I don’t know about it being simple, but if you want to use destructuring with efficient dispatch you can look at this library: GitHub - joinr/structural: Destructuring plus type hinting for more performant clojure.
On jvm version (probably clj as well):
Function invocation path (map-as-function) is typically lowest overhead. So going with (the-map :some-key) will work fast and be portable. I changed my “idioms” to start using this when I realized that (I used to use keyword-as-function and clojure.core/get quite a bit before). It’s like 5ns faster on my machine than the kw one (if you believe the nanos…). The tradeoff is that you are losing the support of the broader java.util.Map and java.util.List and array support that nth/get basically paper over for you; and non-clojure types aren’t IFns so they will throw an exception. Still, if you’re slamming clojure maps, sets, vectors, then it’s a clean and fast way to get the lower level speed.
Destructuring will still cost, since it assumes maximum polymorphism and doesn’t leverage any type hint information. So sequential things always go through clojure.core/nth, and map-like things always use clojure.core/get, both of which do checks and branching. You get substantially faster if you avoid these things, namely by doing what I mentioned above, or (in some cases like with direct field access) use type hints and direct method/field invocation. The library @didibus mentioned provides some tooling to allow you to leverage types a bit, which is handy with things like records or deftypes or jvm objects that can be really efficiently accessed, or even instances of Indexed or ILookup. Savings can be substantial for hot loops (which was the origin of the lib). I think the clj-fast lib is incorporating its own variant of these ideas. It would ultimately be “nice” to have some optimizing compiler passes akin to what SBCL does, where you can leverage the type system / inference engine to then generate even better code with user-defined safety/debug/speed levels (e.g. if you want to force type specialization akin to what structural does, compiler could just unpack all that stuff for you).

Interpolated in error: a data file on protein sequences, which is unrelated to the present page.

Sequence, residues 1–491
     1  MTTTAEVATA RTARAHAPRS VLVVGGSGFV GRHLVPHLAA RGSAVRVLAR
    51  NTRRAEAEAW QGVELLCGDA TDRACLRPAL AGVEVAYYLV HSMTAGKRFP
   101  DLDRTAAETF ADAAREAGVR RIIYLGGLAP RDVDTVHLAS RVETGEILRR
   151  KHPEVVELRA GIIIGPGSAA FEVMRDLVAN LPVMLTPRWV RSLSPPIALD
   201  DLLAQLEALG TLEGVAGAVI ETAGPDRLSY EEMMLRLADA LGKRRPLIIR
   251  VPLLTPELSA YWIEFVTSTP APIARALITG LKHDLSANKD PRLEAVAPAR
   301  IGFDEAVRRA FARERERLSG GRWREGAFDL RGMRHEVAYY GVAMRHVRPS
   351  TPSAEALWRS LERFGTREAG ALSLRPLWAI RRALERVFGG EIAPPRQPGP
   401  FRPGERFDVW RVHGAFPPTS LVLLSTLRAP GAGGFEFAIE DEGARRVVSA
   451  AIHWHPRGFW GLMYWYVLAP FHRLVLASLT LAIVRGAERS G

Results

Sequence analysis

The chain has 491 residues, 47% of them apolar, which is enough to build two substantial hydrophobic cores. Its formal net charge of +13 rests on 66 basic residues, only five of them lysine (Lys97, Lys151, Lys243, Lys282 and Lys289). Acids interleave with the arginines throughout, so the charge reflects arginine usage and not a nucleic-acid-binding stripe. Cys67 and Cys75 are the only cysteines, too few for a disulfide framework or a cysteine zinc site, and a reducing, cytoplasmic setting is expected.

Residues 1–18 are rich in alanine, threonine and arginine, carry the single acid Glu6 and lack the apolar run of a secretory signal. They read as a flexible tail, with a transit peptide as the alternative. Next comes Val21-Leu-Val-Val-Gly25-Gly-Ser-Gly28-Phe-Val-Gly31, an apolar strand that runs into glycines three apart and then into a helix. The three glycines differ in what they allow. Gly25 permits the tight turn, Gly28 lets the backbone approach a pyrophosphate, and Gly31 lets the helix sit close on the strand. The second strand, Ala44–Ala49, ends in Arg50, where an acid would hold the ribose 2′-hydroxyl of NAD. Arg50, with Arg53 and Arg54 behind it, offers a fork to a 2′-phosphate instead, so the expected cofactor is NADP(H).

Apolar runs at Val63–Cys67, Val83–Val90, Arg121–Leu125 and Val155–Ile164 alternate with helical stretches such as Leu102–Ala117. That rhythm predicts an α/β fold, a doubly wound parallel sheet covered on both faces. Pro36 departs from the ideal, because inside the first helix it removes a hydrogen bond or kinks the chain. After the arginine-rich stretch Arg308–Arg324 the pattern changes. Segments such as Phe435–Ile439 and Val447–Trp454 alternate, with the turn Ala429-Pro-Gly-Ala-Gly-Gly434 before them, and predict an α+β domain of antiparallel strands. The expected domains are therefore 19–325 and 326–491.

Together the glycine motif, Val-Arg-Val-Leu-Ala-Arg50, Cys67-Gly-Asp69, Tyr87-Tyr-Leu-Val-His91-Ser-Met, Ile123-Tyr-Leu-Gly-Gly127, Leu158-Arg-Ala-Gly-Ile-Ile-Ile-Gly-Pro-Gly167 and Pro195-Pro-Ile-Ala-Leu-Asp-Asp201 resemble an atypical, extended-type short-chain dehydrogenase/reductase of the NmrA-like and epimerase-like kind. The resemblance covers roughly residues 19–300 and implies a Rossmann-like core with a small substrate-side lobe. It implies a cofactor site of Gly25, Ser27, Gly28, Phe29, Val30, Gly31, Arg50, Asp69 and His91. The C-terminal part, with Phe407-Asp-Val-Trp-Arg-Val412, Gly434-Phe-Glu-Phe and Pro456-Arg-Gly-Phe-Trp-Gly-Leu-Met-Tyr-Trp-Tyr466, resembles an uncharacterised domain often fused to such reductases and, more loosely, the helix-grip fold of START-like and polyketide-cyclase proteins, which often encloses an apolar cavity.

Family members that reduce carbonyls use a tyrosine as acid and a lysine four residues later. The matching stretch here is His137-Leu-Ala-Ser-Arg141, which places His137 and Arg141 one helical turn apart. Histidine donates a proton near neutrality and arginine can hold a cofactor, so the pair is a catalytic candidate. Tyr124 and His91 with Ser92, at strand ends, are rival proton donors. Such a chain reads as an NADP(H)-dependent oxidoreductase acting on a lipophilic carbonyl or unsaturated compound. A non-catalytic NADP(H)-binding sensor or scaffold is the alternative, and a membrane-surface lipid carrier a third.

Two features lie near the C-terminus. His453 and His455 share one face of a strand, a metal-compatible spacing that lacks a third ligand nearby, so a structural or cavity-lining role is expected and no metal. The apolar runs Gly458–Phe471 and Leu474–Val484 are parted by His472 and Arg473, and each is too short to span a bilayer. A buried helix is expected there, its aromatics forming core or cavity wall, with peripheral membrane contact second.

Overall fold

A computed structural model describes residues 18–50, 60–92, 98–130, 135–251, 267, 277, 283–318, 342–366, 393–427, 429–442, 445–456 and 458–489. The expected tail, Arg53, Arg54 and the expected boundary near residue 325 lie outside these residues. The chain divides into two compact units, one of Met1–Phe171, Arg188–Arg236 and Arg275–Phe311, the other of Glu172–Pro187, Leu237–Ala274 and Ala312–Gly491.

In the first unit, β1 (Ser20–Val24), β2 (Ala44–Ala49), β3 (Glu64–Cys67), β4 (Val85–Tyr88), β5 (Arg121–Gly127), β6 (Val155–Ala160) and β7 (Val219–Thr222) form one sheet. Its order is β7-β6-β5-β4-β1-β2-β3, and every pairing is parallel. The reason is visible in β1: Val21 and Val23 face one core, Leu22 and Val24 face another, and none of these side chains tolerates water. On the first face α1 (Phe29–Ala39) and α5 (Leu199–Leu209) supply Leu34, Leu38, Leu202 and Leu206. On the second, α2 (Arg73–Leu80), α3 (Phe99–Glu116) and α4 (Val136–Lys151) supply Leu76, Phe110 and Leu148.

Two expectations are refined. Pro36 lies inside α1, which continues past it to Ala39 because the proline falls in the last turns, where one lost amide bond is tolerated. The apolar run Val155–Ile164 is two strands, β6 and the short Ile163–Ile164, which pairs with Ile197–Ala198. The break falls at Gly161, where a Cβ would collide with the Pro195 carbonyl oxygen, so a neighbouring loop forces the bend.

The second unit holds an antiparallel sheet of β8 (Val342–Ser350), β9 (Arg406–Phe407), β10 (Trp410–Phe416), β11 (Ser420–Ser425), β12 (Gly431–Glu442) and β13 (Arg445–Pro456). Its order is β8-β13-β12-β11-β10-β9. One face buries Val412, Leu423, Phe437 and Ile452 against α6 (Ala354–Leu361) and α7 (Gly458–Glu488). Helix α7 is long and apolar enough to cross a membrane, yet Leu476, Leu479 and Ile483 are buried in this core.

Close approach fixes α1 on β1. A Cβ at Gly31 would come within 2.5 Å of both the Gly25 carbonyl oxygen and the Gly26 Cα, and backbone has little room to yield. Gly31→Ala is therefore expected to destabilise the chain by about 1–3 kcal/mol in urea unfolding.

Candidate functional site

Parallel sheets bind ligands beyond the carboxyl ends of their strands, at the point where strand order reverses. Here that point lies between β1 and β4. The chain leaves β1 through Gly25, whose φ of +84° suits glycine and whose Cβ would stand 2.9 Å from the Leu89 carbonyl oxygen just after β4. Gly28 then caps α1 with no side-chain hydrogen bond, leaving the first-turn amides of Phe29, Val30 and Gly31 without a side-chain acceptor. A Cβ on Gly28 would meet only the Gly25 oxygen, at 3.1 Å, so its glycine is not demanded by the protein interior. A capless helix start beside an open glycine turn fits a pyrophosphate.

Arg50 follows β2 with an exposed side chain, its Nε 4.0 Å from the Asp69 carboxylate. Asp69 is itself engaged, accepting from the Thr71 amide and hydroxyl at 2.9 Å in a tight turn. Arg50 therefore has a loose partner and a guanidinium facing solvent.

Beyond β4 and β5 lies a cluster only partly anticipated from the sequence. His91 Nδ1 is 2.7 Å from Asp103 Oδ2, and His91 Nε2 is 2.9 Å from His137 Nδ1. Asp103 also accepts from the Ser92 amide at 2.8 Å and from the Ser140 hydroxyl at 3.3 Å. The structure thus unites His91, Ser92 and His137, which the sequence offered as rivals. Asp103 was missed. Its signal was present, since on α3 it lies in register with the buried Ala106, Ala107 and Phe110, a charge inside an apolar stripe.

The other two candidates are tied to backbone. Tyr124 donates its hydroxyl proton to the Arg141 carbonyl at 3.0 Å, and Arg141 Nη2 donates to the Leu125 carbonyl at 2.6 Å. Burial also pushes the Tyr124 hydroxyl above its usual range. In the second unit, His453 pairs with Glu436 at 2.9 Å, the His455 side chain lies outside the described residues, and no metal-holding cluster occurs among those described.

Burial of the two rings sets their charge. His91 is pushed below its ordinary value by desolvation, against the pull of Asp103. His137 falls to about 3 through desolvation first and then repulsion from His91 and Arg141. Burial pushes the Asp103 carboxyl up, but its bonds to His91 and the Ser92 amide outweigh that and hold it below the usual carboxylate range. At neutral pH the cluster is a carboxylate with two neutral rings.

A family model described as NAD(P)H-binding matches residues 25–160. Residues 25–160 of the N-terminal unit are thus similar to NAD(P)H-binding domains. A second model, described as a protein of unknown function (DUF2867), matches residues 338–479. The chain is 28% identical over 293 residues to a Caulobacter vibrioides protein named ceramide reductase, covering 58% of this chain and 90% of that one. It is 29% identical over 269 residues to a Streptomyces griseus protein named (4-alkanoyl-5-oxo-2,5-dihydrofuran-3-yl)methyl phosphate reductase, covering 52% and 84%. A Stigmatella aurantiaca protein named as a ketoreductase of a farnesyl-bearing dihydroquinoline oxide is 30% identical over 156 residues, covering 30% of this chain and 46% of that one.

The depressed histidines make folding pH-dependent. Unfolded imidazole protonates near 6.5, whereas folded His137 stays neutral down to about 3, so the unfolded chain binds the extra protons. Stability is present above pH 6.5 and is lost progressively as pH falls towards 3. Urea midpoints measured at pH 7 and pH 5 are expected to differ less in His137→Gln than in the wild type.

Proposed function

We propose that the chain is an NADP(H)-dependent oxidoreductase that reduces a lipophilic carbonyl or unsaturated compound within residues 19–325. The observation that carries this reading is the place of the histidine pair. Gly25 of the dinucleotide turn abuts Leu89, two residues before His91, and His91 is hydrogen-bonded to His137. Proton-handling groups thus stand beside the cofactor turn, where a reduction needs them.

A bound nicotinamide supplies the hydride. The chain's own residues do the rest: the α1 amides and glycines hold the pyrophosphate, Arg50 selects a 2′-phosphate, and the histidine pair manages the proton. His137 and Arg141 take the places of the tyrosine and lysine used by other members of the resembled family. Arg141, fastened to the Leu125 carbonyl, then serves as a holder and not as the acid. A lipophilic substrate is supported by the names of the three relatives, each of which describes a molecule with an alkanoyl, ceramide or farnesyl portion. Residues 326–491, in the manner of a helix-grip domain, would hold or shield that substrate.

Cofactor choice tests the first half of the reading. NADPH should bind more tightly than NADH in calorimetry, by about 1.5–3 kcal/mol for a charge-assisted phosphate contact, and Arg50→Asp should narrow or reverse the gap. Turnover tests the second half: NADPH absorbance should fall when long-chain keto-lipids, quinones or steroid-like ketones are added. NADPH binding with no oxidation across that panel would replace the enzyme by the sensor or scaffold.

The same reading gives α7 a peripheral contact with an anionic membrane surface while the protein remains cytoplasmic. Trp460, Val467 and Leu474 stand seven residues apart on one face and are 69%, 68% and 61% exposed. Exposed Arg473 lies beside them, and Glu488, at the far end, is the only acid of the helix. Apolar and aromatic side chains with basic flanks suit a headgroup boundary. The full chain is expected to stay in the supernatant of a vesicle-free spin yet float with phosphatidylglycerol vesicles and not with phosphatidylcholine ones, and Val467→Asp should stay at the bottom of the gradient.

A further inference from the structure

The Clojure compiler is old and pre-dates “AST as data” implemented in ClojureScript. I’m not sure that the claim about Clojure Dart is true since I believe they started with ClojureScript so the “AST as data” is probably true there. ClojureScript and probably Clojure Dart should conform to the same base AST rep defined by tools.analyzer. Given that, I definitely don’t see why transformations could not be shared.
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